In my case I’m using a handsaw, so I also make a 1.5 inch mark wherever I’m going to cut so I know how deep to make the cut. This ensures a higher level of workmanship and hopefully a more stable, secure structure. Of course, if you use a circular saw you can set this on the saw itself.
I know you readers are all grown-ups and are already safety conscience, but we don’t like lawsuits, so let me remind you to be careful of all your fingers and other appendages, as well as loose-fitting clothing. Wear your eye goggles and ear plugs, look behind you, etc., etc. When you’re cutting and assembling there is no point to being in a hurry, so take your time.
Another little tip I can give you is to make all the marks on all the wood and not just one at a time. If you’re really obsessive, you can even then match up the marks on one piece of wood to the marks on another to make sure they match. Nothing is more frustrating than thinking you’ve measured two different pieces of wood perfectly and then cut them, only to discover you made some mistake and now you’ve wasted a bunch of wood.
In my case a lot of the cuts I’m making are on 2x4s where I need notches for the shelves. I then use the rubber mallet and chisel to cut away the notches that are 75% cut by the saw. It takes a little longer but it is more precise this way.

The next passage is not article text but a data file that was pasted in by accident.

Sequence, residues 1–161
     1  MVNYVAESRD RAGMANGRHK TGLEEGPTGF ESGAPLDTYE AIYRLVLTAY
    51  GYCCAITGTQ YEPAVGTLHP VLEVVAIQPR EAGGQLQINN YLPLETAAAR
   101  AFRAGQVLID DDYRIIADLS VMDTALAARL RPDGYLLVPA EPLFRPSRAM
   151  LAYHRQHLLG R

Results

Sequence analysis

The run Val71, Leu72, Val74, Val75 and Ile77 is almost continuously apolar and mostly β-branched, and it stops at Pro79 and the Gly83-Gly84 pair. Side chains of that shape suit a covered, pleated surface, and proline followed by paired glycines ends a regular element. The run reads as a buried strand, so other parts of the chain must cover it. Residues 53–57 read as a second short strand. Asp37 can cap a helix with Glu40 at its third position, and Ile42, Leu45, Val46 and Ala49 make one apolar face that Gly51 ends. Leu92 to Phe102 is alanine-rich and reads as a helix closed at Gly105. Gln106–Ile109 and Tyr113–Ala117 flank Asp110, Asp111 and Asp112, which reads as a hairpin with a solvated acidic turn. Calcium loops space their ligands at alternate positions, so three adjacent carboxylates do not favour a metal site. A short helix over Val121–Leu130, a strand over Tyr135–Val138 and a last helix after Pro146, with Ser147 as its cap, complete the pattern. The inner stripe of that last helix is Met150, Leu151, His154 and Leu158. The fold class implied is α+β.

(By the way, long ago I made a habit of keeping my waste wood, even these little pieces I’ve knocked out for the notches. You never know when you’re going to need a little piece of wood, and one Christmas I even stained and painted some and they became playing blocks for toddlers. They loved those blocks more than the expensive, breakable toys from Toys R’ Us!)
Next I cut two of the 2x3s into pieces 21 inches long, because these are the supports for the plywood shelves. This gives me a total of eight 21 inch long pieces.
I like to assemble things on the floor where it is easier to line things up, so I put the 2x4s down and attach the shelf supports with screws. I know, I know, I could probably use nails but my dad always taught me to overbuild unless it resulted in too much weight or expense, and in this case, neither is a consideration.